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Children’s Minnesota develops standard guideline and protocol for minimally invasive PDA closure procedure for preterm babies

Key points 

  • Patent ductus arteriosus (PDA) is a common congenital heart defect in pre-term infants. 
  • Children’s Minnesota developed a standard guideline and protocol for pre-term infants that require transcatheter closure of their PDA and a standardized protocol based on clinical and echo criteria to assess which patients may benefit from the procedure. 
  • The protocol accounts for every team involved in the process: neonatologist, cardiologists, nurses, respiratory therapists, the cardiac catheterization lab, nurse practitioners and cardiac anesthesiologists. 

The ductus arteriosus is a normal fetal blood vessel that connects two arteries — the aorta and the pulmonary artery — that carry blood away from the heart. In most babies who have an otherwise normal heart, the ductus will close on its own shortly after birth. If it doesn’t close, the result is a patent (open) ductus arteriosus (PDA). The PDA allows too much blood to flow into the lungs, putting a strain on the heart and increasing blood pressure in the pulmonary arteries. 

PDA is very common in preterm infants, occurring in up to 80% of pre-term infants. Historically, these patients had to undergo a surgical procedure, which is stressful on a preterm infant and comes with more risks. 

Minimally invasive option for PDA closure in pre-term infants 

The Kid Experts® at Children’s Minnesota have developed a standard guideline and protocol for pre-term infants requiring transcatheter closure of their PDA using the Amplatzer™ Piccolo Occluder – a minimally invasive device specifically designed to close PDA in premature infants. The protocol accounts for every team involved in the process: neonatologist, cardiologists, nurses, respiratory therapists, the cardiac catheterization (cath) lab, nurse practitioners and cardiac anesthesiologists. In addition, Children’s Minnesota created a standardized echocardiogram (echo) protocol to assess which infants may benefit from the procedure.

Furthermore, given how fragile pre-term infants are, and the fact that they have to be moved out of the neonatal intensive care unit (NICU) and into the cath lab for the procedure, Children’s Minnesota developed a protocol to ensure everything goes as smoothly as possible. This includes pre-op preparation, transport procedures, temperature regulation in the cath lab, medications to help ensure hemodynamic stability during and after the procedure, and post-op monitoring.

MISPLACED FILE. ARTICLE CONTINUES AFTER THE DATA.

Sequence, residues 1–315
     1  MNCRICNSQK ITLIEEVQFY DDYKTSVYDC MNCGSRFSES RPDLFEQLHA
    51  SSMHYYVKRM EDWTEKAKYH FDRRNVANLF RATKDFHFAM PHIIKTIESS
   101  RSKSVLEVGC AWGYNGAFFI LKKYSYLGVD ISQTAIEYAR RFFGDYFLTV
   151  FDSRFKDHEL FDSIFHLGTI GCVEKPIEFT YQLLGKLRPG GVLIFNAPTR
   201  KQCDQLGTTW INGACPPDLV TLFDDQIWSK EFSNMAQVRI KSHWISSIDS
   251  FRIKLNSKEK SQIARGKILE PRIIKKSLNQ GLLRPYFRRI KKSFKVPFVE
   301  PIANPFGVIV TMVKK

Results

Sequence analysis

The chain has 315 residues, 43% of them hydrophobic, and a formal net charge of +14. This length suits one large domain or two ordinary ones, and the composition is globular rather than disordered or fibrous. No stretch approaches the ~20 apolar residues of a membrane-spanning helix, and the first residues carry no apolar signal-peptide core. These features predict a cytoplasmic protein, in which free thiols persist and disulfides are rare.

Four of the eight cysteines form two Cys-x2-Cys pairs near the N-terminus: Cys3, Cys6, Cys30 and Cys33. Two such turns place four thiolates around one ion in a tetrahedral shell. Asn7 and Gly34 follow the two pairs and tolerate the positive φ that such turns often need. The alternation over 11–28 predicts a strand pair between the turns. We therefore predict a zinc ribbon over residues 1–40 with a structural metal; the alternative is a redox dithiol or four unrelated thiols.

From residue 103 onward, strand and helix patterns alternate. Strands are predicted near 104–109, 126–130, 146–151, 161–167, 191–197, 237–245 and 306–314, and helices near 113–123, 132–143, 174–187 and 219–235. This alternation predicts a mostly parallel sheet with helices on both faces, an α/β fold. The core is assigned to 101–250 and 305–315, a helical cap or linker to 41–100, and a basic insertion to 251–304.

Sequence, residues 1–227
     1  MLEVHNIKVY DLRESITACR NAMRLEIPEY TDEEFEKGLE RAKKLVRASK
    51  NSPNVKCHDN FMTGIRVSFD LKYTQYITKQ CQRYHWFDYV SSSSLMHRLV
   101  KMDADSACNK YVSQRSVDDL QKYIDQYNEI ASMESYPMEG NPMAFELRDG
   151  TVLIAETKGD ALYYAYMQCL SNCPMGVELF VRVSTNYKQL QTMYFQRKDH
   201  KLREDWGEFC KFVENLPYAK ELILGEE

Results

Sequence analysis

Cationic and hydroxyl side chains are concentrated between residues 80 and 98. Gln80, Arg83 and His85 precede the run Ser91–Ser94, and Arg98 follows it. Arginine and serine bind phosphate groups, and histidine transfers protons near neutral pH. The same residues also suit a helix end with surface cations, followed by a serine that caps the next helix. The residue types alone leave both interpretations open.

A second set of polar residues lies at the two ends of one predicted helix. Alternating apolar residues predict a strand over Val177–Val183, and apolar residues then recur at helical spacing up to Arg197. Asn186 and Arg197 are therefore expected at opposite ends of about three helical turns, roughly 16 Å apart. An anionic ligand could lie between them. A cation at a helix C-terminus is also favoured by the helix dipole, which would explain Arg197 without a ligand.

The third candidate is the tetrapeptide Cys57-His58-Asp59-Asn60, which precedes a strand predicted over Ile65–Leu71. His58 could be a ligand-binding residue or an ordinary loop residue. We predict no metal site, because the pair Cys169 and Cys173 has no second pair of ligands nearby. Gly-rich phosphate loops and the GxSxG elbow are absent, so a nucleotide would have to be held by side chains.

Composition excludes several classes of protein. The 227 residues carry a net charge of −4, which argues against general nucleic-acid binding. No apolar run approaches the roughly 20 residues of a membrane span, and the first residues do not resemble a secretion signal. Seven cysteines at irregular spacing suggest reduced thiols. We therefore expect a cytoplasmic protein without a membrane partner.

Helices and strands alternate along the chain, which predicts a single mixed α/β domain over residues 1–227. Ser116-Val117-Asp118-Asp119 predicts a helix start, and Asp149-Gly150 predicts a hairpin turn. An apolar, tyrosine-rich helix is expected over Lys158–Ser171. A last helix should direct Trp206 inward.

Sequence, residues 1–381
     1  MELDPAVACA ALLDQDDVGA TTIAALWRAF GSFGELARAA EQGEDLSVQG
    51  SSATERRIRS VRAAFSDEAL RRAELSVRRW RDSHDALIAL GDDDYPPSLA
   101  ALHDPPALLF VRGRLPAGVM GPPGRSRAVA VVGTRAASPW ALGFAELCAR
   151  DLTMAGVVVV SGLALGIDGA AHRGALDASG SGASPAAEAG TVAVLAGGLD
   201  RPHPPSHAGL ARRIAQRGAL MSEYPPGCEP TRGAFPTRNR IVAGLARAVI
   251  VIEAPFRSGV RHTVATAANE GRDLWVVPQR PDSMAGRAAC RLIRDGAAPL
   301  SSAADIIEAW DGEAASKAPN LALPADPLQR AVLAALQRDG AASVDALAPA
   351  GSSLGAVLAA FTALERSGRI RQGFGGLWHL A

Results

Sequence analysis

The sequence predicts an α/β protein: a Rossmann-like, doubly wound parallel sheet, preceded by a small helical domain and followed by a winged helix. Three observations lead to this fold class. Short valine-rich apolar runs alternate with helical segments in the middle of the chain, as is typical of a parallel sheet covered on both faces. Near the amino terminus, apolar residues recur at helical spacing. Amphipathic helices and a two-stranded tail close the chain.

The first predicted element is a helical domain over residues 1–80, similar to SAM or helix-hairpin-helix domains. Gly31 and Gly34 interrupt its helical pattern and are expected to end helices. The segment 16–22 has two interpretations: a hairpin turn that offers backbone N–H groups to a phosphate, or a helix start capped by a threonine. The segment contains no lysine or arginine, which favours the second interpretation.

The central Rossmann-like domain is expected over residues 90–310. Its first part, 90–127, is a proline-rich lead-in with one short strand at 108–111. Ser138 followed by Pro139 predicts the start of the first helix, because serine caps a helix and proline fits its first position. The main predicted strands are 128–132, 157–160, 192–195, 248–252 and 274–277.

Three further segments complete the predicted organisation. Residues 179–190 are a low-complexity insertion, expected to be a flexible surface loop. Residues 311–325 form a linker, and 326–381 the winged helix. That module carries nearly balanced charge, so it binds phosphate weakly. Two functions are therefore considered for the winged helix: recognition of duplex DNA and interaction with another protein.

Benefits of transcatheter closure of PDA vs. surgery 

  • Less invasive, better tolerated procedure with less changes in hemodynamic status, requiring less vasopressor support, less opioids and sedation medications. 
  • Noninvasive approach allows for significantly less chance of procedural complications. These complications are both short-term such as hemodynamic changes and pneumothoraxes and long-term complications with surgical ligation i.e. vocal cord paralysis (as high as ~30% in some studies), and scoliosis (as high as ~50% in some studies).  
  • Data suggests patients improve and have better respiratory outcomes, which is one of the main goals of closing the PDA. 

Madison and Peyton’s story

Mara and Steven were excited to be having twins, but this meant that their pregnancy was considered high risk. For that reason, Mara’s perinatologists, Dr. Marijo Aguilera and Dr. Elizabeth Baldwin, at a HealthPartners clinic in St. Paul, referred Mara to The Mother Baby Center Specialty Services, a collaboration between Allina Health and Children’s Minnesota. Providers at The Mother Baby Center Specialty Services specialize in caring for those with high-risk pregnancies and babies with complex needs. 

Mara gave birth to twin girls, Madison and Peyton, in March 2022 at 26 weeks. The care team discovered that both girls had a PDA at about 2 weeks old. A heart murmur and the girls’ increased need for respiratory support had prompted an echocardiogram (echo) based on Children’s Minnesota’s PDA screening protocol. The girls were cared for in the Level IV neonatal intensive care unit (NICU) at the Children’s Minnesota Minneapolis hospital. 

Peyton, top, Madison, bottom, at 9 days old, in the hospital
Peyton, top, Madison, bottom, at 9 days old

The first treatment option to try and close a PDA is oral medication like acetaminophen or ibuprofen. However, medication only works about half of the time, which was the case for Madison and Peyton. 

When the medication didn’t work for the twins, their neonatologist Dr. Ryan Meinen talked to Mara and Steven about the transcatheter closure of the PDA with the Amplatzer™ Piccolo Occluder. This meant Madison and Peyton wouldn’t need to go through the rigors and potential complications of a surgical procedure.

At 4 weeks old and weighing only about 3 pounds, the twins had their PDAs closed in the cath lab by Dr. Marko Vezmar, medical director of interventional cardiology at Children’s Minnesota.  

“Our cath lab is designed and dedicated to the unique needs of children and babies like Madison and Peyton, allowing them to get better and go home sooner,” said Dr. Vezmar. 

Mara noticed a difference almost immediately. “After a few days, Madison and Peyton started doing better, breathing better,” Mara remembers. 

Twin girls Madison and Peyton sitting in a laundry basket and smiling at 1 year old.

After spending a few more months at Children’s Minnesota, Mara and Steven were able to bring home their new babies. Today, Madison and Peyton are doing well and hitting all the typical developmental milestones. 

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